WarnerMedia has set the team that will lead its movie and television studio Warner Bros., for now, after the exit of Chairman and Chief Executive Kevin Tsujihara amid a sex scandal.
Warner Bros.’s top film executive Toby Emmerich, its television group president Peter Roth and Chief Financial Officer Kim Williams will run the Burbank-based studio as AT&T-owned WarnerMedia seeks a new chief, WarnerMedia CEO John Stankey told staff late Tuesday. The trio will be tasked with managing and stabilizing the company after days of turmoil and uncertainty.
“We are doing this to ensure minimal disruption to the day-to-day operations of the studio and to provide the time we need to conduct a thorough search to find the best candidate to lead this incredible and storied business to its next chapter of growth and success,” Stankey wrote in a memo to staff. “Our creative and business partners deserve this. Our company — and you — deserve no less.”
Tsujihara quit Monday after six years as studio chief, following allegations that he helped get auditions and meetings for a young actress with whom he’d had an affair. The actress, Charlotte Kirk, appeared in bit parts in “Ocean’s 8” and “How to Be Single.”
Tsujihara’s exit, coming after 25 years at the company, left many insiders stunned. The revelations came shortly after Tsujihara received an expanded role at WarnerMedia, overseeing all animation, including Cartoon Network. Warner Bros. enjoyed a strong 2018 at the box office, with hits including “Crazy Rich Asians” and “Aquaman.”
WarnerMedia’s investigation of the situation, which was first revealed in text messages published by the Hollywood Reporter on March 6, is ongoing with Tsujihara’s cooperation, the company said.
The company has not said when it will decide on a new leader. Hollywood is rife with speculation that WarnerMedia may look to bring on 20th Century Fox Film Chairman Stacey Snider, who is out of a job following Fox’s acquisition by Walt Disney Co. Former Disney executive Tom Staggs has also been floated as a possible candidate.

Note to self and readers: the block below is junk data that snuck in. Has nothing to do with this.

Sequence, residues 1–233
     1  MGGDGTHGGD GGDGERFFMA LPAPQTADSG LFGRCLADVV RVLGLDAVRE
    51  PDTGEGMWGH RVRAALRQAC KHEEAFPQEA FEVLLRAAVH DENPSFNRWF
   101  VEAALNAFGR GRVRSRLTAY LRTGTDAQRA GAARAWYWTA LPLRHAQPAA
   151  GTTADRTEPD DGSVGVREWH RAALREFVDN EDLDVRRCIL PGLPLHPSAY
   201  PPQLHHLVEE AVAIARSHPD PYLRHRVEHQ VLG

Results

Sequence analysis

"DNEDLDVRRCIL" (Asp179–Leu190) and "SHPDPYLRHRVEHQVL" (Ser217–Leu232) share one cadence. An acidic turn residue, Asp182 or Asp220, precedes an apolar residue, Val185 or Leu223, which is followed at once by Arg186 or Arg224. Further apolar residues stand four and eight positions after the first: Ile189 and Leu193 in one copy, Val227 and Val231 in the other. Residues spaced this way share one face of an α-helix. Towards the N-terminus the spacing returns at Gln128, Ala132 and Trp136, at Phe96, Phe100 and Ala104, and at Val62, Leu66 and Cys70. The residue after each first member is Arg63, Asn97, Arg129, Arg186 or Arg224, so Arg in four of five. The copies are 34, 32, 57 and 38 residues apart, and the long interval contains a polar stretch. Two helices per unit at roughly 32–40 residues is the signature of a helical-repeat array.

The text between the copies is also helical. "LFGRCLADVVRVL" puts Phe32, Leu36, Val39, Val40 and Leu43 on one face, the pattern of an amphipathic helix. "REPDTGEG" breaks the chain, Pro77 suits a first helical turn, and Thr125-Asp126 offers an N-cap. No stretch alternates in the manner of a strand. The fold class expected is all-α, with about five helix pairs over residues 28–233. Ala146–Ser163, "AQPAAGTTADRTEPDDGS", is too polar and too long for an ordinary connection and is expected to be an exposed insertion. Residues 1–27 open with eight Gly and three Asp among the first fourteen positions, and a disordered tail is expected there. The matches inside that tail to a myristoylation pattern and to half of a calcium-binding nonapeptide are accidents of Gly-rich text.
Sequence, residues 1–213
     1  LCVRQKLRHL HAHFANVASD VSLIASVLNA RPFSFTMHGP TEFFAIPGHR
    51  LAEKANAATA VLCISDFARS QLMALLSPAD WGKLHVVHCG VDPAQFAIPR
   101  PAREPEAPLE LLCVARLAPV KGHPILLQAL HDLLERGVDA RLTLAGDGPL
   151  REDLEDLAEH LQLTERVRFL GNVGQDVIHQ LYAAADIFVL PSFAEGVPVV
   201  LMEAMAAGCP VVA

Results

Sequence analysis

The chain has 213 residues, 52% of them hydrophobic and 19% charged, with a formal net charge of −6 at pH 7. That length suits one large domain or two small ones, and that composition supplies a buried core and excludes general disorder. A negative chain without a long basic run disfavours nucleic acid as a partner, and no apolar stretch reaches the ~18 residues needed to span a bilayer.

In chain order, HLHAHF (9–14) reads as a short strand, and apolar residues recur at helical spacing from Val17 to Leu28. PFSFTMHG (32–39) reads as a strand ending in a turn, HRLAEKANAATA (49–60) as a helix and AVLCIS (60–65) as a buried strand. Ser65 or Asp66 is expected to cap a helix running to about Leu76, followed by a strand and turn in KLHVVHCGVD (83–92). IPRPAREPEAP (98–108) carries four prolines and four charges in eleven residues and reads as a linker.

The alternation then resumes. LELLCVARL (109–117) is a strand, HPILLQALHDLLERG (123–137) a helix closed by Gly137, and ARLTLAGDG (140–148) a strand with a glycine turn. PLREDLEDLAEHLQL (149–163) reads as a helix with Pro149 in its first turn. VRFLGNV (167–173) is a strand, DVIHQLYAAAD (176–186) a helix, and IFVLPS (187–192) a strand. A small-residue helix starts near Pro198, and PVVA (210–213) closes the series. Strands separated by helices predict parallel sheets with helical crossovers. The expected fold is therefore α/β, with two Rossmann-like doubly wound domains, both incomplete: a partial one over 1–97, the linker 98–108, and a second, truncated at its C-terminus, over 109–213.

Warner Bros. needs an executive who understands not only film, but also can lead a strategy that encompasses TV production, networks such as Turner and HBO, online streaming and video games.
“My priority is to install leadership that sustains the direction and priorities of the organization — not dramatically change course,” Stankey said.
For now, Emmerich will handle Warner Bros. theatrical, home entertainment and games business. Roth will focus on television, as well as the studio’s kids and young adults business. Williams will coordinate other areas, including the studio’s Otter Media digital assets.
Emmerich serves as chairman of Warner Bros. Motion Pictures Group, a title received last year when he won oversight over the film operation following the exit of marketing head Sue Kroll. Emmerich has swiftly risen through the studio ranks after running its New Line Cinema label for years. He moved over to the larger studio in 2017 as president and chief content officer.
Roth is a two-decade veteran of the Warner TV studio, having joined the company in 1999 as president of Warner Bros. Television. His role has expanded over the years to include oversight of specialty television production division Warner Horizon Television and the studio’s global television business. Under his watch, the company has produced shows including “The Big Bang Theory,” “Arrow” and “Riverdale.”
Williams, who joined in 2015, is one of the highest ranking female executives at the company. Before arriving at Warner Bros., she served as CFO of CORE Media Group and chief operating officer of NFL Network.